FIG. 2 is a diagram that illustrates, conceptually, how a compute tier connects to a shared memory appliance such as the dynamic memory tier. One of the processors (e.g. a CPU or SOC) 200 from the compute tier 102 is shown coupled to one of the memory appliances 202 from the dynamic memory tier 104 through a buffer 204. The buffer 204 may be attached to the processor 200 through a link 206. In one embodiment, the link 206 may comprise an existing high speed link such as DDRx, PCIe, SAS, SATA, QPI, and the like, or it may be a new dedicated link. The buffer 204 may have memory directly attached to it (e.g. DDR4) such that the buffer 204 acts as a full memory controller for both local (“near”) memory as well as the memory appliance (“far” memory). Note that the buffer 204 itself may not be necessary and may be included as one or more functional blocks on the processor 200 or in the memory appliance.

In addition to (optionally) having local, direct attached memory, the buffer may be connected to the memory appliance 202 through a low-latency, high speed “host” link 208. Since the memory appliance 202 is generally a separate enclosure, many embodiments of this host link 208 would be cable-based to exit one enclosure and route to another. However, this host link 208 may be crossbar-based (such as in the case of a large server system or a blade-based architecture). The memory appliance 202 itself contains a large amount of memory 212, with one or more layers of switching, such as the low-latency memory switch 210, to route memory requests and data from the processor 200 to the appropriate memory resources.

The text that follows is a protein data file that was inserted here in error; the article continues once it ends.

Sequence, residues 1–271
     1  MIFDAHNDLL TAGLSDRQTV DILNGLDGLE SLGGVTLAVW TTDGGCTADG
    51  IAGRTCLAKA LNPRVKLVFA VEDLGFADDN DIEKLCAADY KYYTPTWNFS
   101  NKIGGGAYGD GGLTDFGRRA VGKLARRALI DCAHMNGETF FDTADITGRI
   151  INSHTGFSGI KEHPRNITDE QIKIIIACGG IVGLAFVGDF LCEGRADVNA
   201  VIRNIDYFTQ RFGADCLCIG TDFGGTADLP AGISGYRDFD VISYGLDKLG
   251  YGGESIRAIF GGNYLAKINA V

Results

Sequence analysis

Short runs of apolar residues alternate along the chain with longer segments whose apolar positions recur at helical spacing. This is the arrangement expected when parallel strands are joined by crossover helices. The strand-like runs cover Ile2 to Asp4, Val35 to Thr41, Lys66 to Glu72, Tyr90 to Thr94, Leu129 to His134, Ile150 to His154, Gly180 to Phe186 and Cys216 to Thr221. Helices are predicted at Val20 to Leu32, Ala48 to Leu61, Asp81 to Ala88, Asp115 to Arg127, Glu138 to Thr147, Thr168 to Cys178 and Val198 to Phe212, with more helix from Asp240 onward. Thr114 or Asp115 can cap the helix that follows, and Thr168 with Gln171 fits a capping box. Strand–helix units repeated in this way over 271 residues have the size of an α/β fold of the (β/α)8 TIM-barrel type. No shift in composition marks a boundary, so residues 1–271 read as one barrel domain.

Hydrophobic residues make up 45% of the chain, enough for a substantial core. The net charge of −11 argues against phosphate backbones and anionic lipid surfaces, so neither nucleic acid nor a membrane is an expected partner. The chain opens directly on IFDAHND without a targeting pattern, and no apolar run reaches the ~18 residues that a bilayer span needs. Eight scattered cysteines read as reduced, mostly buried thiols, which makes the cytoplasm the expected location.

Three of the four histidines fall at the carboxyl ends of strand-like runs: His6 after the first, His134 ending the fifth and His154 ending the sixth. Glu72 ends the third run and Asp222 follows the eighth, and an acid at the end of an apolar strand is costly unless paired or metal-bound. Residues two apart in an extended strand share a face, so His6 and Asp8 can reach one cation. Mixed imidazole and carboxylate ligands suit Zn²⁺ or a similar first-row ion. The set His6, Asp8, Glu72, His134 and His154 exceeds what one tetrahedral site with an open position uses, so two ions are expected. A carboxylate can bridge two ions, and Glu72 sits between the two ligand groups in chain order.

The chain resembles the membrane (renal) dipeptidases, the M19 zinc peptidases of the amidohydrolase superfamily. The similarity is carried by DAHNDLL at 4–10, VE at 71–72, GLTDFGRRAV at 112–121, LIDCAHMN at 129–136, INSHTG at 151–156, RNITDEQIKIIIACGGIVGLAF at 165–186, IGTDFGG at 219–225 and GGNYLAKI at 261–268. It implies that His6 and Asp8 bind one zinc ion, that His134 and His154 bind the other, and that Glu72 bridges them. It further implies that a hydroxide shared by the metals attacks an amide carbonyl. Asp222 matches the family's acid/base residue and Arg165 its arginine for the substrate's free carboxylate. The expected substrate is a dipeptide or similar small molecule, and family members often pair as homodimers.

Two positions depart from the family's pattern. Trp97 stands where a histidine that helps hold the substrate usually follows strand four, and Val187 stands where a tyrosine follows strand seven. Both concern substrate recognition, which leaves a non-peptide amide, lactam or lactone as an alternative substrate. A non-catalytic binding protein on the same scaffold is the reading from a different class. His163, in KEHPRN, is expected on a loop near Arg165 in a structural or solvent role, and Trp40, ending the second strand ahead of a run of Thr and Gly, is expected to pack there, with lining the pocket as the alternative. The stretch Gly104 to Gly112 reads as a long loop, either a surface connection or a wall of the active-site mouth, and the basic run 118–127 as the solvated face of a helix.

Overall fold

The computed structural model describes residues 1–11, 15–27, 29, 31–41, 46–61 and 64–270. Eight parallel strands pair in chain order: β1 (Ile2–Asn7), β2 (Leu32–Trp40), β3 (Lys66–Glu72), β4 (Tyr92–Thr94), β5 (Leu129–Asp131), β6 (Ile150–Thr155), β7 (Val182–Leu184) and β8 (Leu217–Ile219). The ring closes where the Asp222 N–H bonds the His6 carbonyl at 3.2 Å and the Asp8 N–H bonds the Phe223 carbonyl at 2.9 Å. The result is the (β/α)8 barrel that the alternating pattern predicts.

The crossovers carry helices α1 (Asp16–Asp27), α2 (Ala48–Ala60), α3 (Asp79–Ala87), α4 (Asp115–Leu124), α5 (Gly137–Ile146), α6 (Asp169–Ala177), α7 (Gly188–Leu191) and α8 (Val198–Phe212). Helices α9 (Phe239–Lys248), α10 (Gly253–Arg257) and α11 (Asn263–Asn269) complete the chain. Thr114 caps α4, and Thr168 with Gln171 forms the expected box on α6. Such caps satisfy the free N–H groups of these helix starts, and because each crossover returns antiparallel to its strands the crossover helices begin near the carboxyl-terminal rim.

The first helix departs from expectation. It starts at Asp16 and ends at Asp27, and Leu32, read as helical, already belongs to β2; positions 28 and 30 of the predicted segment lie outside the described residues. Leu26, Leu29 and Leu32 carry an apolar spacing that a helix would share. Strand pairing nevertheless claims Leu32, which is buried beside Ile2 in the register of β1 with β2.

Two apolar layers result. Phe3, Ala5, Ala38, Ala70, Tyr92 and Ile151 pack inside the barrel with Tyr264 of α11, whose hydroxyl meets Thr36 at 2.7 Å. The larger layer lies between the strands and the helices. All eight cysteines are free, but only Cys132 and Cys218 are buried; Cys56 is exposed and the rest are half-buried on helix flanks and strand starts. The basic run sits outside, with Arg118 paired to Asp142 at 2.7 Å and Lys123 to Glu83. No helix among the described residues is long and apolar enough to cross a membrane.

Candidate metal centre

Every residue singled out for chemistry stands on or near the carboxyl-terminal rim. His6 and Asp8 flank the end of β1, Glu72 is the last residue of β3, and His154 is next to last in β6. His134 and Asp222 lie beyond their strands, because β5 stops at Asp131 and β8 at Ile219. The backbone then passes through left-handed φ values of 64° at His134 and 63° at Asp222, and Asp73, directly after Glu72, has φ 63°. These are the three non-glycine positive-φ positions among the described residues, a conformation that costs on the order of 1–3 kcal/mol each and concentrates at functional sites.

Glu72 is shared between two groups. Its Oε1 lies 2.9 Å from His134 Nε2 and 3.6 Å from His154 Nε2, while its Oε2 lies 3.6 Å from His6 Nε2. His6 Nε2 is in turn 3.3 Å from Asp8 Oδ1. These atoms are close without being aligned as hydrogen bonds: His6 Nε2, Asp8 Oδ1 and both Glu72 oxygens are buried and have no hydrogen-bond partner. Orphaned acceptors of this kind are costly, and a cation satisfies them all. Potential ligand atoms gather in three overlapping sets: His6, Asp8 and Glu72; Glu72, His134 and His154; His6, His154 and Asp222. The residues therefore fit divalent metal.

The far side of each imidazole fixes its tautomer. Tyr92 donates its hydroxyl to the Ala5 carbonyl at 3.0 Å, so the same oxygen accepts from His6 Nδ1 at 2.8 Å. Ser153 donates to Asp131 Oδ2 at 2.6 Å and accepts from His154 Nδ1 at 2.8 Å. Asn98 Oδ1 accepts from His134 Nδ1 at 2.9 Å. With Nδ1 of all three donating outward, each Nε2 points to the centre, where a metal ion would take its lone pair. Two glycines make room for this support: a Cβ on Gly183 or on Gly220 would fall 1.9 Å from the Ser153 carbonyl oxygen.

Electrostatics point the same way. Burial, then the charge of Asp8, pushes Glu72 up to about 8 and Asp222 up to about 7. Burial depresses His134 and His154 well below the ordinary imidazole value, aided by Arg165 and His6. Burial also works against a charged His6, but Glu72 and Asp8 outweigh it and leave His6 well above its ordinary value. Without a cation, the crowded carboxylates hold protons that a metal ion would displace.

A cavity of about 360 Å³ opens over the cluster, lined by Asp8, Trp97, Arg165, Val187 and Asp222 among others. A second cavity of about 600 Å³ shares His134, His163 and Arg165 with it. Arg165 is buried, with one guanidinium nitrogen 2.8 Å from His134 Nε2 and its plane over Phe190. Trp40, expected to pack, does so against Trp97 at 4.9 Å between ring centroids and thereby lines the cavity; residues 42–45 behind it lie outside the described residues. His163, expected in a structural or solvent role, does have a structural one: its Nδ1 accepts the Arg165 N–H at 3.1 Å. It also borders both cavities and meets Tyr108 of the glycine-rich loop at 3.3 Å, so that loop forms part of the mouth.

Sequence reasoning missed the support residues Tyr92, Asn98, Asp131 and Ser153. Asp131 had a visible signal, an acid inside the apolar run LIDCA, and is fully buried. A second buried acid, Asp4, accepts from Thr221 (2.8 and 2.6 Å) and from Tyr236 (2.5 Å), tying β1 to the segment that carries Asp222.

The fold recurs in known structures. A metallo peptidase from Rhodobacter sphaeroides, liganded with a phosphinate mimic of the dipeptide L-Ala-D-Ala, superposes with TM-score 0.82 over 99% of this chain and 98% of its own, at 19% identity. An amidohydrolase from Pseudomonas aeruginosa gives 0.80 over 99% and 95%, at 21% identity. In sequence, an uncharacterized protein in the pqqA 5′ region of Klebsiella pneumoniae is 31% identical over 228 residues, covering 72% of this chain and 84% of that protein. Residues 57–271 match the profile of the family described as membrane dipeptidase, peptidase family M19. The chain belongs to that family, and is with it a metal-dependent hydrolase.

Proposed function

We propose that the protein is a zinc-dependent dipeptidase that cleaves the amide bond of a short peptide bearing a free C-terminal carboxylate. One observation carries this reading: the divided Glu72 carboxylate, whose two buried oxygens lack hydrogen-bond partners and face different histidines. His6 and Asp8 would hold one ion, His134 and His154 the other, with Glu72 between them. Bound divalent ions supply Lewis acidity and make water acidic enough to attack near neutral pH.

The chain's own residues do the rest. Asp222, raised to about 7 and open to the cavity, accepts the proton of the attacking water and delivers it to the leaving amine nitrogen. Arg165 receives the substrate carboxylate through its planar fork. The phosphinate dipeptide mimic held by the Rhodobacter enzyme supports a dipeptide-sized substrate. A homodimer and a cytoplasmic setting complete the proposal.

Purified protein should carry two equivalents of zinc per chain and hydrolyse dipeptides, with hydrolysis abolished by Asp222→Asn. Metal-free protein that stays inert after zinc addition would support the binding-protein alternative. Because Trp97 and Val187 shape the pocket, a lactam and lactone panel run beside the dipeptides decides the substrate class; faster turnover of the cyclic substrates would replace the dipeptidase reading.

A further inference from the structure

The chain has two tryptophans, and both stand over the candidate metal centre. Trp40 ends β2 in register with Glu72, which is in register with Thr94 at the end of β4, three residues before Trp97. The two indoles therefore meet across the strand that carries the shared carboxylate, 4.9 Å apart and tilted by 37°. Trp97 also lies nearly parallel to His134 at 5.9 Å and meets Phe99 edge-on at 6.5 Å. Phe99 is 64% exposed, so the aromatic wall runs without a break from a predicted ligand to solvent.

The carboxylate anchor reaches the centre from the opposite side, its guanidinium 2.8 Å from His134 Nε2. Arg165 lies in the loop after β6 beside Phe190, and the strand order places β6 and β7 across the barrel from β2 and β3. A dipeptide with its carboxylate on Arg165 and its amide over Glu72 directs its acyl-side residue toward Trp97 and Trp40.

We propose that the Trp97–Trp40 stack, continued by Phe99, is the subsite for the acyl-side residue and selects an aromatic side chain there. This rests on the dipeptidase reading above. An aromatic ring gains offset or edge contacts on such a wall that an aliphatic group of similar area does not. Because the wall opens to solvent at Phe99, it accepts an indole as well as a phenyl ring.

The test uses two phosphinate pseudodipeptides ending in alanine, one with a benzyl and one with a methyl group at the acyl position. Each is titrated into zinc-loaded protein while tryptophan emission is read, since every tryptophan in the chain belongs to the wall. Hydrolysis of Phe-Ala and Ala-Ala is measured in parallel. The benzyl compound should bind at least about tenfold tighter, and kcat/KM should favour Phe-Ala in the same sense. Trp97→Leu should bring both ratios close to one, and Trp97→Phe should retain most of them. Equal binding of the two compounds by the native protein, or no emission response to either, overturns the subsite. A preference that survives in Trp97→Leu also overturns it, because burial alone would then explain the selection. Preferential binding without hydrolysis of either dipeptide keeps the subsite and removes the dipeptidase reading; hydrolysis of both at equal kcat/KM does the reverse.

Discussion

FIG. 3 is a diagram showing an embodiment of the memory appliance in further detail. The memory appliance includes large amounts of memory 212, which in many embodiments is configured as an aggregation of standard memory modules (such as DDR4 DIMMs and the like), referred to herein as leaf memory modules 223 housed in an enclosure of the memory appliance 202 in numbers small enough to accommodate the physics of capacity-limiting standards such as DDR4.

According to one aspect of the example embodiments, the memory appliance 202 comprises a plurality of switching layers. The first switching layer may comprise the low-latency memory switch 210 coupled to the host link 208 over which the low-latency memory switch 210 receives traffic/requests from one or more external processors. A second switching layer may comprise a plurality of leaf links 214 that connect the low-latency memory switch 210 to a plurality of leaf memory switches 220. The third switching layer may comprise a plurality of leaf memory switches 220 that are each connected to, and manage, one or more memory channels of one or more of leaf memory modules 223 (e.g., in the case of DDR4, typically 1-3 modules). Due to the presence of the switching layers, the low-latency memory switch 210 is able to arbitrarily connect one or more of the external processors to the leaf memory modules 223.